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Apple's Implied Volatility: Long and Wrong?

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Going into earnings with any kind of long option position (puts or calls) seems a low odds bet.

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I spent a stupid amount of time over the weekend charting various options outcomes for Apple's (NASDAQ:AAPL) earnings release, and regardless of where I looked the conclusion seemed always the same: Going into earnings with any kind of long option position (puts or calls) seems a low odds bet. That applies not just to the weekly options for April 26 and May 3 expiration, but for the May and June monthlies as well. The reason is that implied volatilities are very high this time around, and if the post-earnings volatility collapse follows form, it would take an inordinate move to just break even.

For example: The monthly May 390 puts sport an implied volatility of 43.03% and a delta of 0.49. This means that if implied volatilities remain unchanged post earnings and you were "delta neutral" (in this case long 100 AAPL shares and long two of the May 390 puts) your breakeven prices on April 30 (an arbitrary date I chose) would be $416 on the positive side and $366 on the negative side. Now, getting outside those boundaries already entails a pretty sizable move, but it is not crazy. However, that implies no change in the options' implied volatility post earnings. Should the implied volatility collapse to where it ended after past earnings releases – in the 20 to 25% range – one would need a move above $429 or below $356, just to break even. There's roughly an 80% chance that such a move will not happen.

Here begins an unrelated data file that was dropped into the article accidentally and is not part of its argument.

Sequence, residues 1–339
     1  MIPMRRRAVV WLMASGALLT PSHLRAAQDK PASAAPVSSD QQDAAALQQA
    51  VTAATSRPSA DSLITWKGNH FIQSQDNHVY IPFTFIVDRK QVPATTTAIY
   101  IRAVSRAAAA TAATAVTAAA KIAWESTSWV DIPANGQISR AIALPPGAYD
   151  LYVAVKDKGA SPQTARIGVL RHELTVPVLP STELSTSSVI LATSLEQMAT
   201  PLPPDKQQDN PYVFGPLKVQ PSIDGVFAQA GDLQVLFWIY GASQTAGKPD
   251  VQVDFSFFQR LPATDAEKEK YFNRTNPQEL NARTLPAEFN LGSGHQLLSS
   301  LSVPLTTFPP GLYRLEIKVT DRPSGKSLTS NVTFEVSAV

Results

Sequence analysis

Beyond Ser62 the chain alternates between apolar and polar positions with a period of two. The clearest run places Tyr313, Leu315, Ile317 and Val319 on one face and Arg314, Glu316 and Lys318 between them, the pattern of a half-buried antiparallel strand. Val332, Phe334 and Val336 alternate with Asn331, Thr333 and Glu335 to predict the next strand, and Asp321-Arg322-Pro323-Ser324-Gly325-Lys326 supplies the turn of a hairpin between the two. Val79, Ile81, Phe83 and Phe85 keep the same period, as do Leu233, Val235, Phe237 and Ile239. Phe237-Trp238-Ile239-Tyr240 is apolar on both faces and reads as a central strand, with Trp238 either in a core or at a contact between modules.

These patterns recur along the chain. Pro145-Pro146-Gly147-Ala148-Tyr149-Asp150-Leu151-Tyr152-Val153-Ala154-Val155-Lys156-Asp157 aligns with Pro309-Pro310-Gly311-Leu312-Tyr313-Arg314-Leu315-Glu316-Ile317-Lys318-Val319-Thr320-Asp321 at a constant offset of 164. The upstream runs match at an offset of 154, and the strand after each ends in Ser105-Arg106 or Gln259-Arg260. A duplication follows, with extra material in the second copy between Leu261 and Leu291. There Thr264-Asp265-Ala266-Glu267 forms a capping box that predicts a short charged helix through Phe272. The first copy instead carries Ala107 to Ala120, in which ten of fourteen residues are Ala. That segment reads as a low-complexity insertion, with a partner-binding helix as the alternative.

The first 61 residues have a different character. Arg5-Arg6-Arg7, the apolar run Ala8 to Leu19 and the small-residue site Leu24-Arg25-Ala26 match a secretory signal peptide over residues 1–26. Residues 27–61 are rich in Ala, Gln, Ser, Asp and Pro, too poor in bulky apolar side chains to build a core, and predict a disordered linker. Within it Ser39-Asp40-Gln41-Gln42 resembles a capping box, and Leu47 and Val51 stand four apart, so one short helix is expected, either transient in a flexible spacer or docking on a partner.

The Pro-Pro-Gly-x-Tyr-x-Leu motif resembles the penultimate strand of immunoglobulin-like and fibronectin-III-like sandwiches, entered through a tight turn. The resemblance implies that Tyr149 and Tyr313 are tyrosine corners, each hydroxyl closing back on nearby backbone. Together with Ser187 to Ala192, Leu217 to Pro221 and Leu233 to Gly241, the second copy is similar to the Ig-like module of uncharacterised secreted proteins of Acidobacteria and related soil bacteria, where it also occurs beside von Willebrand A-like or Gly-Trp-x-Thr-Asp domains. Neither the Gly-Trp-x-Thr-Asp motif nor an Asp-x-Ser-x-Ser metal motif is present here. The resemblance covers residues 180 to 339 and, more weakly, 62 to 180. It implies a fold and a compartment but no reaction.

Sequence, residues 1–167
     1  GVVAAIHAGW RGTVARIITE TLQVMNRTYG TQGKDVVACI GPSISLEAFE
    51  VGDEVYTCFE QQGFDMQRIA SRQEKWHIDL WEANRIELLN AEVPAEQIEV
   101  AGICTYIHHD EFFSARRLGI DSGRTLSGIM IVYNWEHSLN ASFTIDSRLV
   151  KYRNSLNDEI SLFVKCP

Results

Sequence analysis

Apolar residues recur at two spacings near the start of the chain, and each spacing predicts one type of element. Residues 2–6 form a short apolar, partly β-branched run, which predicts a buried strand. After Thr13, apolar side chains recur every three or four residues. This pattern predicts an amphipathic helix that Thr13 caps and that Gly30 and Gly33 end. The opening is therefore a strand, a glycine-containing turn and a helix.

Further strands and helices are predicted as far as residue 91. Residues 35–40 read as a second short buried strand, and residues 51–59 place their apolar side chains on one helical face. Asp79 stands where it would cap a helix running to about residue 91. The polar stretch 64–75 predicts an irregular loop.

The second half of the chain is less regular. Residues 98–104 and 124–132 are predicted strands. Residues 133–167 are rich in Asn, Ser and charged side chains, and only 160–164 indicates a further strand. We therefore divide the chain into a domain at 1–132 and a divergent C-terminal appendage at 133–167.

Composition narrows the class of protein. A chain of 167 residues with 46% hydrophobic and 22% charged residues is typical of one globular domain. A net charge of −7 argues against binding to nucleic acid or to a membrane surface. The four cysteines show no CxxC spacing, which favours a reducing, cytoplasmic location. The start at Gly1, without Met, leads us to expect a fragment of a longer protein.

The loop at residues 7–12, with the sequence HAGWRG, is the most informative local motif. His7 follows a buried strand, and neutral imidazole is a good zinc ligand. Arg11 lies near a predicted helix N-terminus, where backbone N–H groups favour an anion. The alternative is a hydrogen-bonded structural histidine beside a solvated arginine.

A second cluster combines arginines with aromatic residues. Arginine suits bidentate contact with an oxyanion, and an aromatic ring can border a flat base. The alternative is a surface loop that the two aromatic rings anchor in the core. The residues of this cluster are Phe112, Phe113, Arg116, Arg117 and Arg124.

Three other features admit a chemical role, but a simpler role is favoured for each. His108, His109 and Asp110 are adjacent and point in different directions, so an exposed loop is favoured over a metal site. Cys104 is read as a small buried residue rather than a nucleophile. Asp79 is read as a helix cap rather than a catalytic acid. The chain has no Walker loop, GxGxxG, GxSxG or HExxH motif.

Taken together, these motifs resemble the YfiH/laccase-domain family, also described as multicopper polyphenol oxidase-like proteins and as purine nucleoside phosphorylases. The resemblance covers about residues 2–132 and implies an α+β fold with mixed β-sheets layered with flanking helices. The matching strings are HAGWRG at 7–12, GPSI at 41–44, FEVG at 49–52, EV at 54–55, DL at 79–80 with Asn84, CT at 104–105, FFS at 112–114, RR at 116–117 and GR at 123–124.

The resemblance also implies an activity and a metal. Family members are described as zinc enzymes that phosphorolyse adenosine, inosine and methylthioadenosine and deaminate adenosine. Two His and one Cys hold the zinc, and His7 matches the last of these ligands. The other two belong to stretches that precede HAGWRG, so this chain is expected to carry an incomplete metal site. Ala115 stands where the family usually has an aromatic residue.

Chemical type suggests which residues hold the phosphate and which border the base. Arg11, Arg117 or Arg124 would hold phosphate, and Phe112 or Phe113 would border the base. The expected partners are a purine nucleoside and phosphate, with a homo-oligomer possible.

If one agrees with the above, the corollary should be that "selling" volatility should be an "easy" money-maker. But in my opinion, that's far from the case, especially when it comes to selling calls. So far the volatility of the stock has been dictated primarily by investors' perceptions of the fundamentals and valuation of the company. If that were all that was in play, I would probably be comfortable buying the stock at $356 or shorting it at $430, (for a swing type trade) because I don't think there's any major fundamental development coming from AAPL that the market is totally oblivious to. But what is not in the option prices, and cannot be quantified, is what AAPL may do with its cash. Should AAPL decide to buy back its stock in size and/or increase its dividend, once the expected stock-halt is lifted, $430 may well look like a generational "buy" opportunity, and if one is short calls, it means pain beyond recognition. And throw in the completely meaningless but widely embraced game of "stock-splitting" and I can already hear split-adjusted calls for AAPL at $1,000.

As to selling puts, that's somewhat more manageable if one is resolute in owning the stock at a pre-determined lower price. Charts show important levels at $377.68 (DeMark monthly Level Down "support"), $390 and $320 (Fibonacci 50% and 61.8% retracements of the '09-'12 move), and the most important of all, the $352.50 level where everyone can say "the damn thing got cut in half, it's gotta be a buy." Since it began its face-plant, AAPL so far has laughed at every level of support, so factor that into the equation, but for willing buyers, those prices are reasonable reference points.

Last week I wrote on the Buzz & Banter (subscription required) that I had positioned myself with options and expected to profit from more than a $10 move either side post earnings. Revisiting those positions in light of a steep volatility crunch shows them to be likely losers, so I will close them out. Whether I set up something more along the thinking described above will likely be a last second decision.

Twitter: @FZucchi

Also see:

Why You Might Be Sharing a Cubicle With Your Windows Phone


Apple's Alliance With Yahoo Makes Sense, but Don't Expect Breakup With Google
Position in AAPL
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